• If an attack warning is issued, take cover as quickly as you can, below ground if possible, and stay there until instructed to do otherwise.
  • Find the nearest building, preferably built of brick or concrete, and go inside to avoid any radioactive material outside.
  • If better shelter, such as a multi-story building or basement can be reached within a few minutes, go there immediately.
  • Go as far below ground as possible or in the center of a tall building.
  • During the time with the highest radiation levels it is safest to stay inside, sheltered away from the radioactive material outside.
  • Radiation levels are extremely dangerous after a nuclear detonation but the levels reduce rapidly.
  • Expect to stay inside for at least 24 hours unless told otherwise by authorities.
  • When evacuating is in your best interest, you will be instructed to do so. All available methods of communication will be used to provide news and / or instructions.

If you are caught outside and unable to get inside immediately:

  • Do not look at the flash or fireball – it can blind you.
  • Take cover behind anything that might offer protection.
  • Lie flat on the ground and cover your head. If the explosion is some distance away, it could take 30 seconds or more for the blast wave to hit.
  • Take shelter as soon as you can, even if you are many miles from ground zero where the attack occurred – radioactive fallout can be carried by the winds for hundreds of miles.
  • If you were outside during or after the blast, get clean as soon as possible, to remove radioactive material that may have settled on your body.
  • Remove your clothing to keep radioactive material from spreading. Removing the outer layer of clothing can remove up to 90% of radioactive material.
  • If practical, place your contaminated clothing in a plastic bag and seal or tie the bag. Place the bag as far away as possible from humans and animals so that the radiation it gives off does not affect others.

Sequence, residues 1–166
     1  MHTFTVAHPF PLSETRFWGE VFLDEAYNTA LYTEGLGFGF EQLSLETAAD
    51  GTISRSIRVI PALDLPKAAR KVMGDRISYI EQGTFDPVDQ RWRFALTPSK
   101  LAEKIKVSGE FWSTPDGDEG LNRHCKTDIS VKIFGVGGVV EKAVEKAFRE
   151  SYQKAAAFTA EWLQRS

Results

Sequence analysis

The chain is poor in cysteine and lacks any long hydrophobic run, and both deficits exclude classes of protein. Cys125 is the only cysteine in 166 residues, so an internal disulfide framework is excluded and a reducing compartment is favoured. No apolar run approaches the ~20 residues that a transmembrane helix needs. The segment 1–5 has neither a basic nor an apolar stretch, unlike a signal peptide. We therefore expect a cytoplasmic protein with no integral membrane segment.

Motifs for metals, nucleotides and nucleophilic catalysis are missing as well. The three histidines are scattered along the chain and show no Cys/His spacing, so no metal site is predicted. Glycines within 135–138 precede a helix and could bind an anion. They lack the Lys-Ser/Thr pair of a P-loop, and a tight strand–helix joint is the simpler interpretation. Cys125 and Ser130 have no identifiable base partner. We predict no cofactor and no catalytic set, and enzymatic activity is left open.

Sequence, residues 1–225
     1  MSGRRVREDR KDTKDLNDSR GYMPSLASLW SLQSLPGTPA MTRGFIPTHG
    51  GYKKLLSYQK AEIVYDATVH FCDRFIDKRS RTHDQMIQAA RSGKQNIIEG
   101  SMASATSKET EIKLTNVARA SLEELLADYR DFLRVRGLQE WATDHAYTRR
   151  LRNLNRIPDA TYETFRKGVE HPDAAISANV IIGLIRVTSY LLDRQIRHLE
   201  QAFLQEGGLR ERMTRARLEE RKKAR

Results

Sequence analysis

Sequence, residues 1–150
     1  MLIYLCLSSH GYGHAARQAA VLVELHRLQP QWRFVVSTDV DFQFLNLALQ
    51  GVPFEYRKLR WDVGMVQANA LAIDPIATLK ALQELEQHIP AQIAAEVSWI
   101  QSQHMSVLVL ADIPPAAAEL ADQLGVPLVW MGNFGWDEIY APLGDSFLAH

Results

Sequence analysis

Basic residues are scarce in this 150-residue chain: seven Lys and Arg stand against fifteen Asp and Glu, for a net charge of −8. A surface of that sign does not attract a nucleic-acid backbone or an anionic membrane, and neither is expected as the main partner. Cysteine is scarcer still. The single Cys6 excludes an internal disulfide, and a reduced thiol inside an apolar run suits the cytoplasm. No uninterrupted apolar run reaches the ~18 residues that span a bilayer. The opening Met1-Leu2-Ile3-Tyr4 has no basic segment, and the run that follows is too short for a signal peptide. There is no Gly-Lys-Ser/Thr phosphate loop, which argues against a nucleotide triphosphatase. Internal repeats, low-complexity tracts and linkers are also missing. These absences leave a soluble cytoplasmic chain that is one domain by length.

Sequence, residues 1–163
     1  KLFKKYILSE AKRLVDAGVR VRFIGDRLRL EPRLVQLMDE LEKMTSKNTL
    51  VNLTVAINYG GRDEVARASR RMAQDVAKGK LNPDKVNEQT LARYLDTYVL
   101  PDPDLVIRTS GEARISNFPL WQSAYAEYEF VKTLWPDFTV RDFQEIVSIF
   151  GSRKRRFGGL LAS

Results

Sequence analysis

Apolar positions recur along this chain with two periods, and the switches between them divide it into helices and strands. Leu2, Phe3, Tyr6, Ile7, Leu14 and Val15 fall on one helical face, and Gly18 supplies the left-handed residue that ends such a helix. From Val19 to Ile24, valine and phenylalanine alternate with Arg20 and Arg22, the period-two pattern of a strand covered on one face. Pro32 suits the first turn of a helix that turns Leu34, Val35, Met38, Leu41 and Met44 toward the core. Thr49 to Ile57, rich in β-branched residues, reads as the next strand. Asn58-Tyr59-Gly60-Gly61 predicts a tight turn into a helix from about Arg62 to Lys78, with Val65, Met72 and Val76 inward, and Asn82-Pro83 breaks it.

• When possible, take a shower with lots of soap and water to help remove radioactive contamination. Do not scrub or scratch the skin.
  • Wash your hair with shampoo or soap and water. Do not use conditioner in your hair because it will bind radioactive material to your hair, keeping it from rinsing out easily.
  • Gently blow your nose and wipe your eyelids and eyelashes with a clean wet cloth. Gently wipe your ears.
  • If you cannot shower, use a wipe or clean wet cloth to wipe your skin that was not covered by clothing.

After a Nuclear Blast

People in most of the areas that would be affected could be allowed to come out of shelter within a few days and, if necessary, evacuate to unaffected areas. The heaviest fallout would be limited to the area at or downwind from the explosion. It might be necessary for those in the areas with highest radiation levels to shelter for up to a month.

Returning to Your Home

Remember the following when returning home:

  • Keep listening to the radio and television for news about what to do, where to go and places to avoid.
  • Stay away from damaged areas. Stay away from areas marked “radiation hazard” or “HAZMAT.”


What would you add to this prep list? Comment below…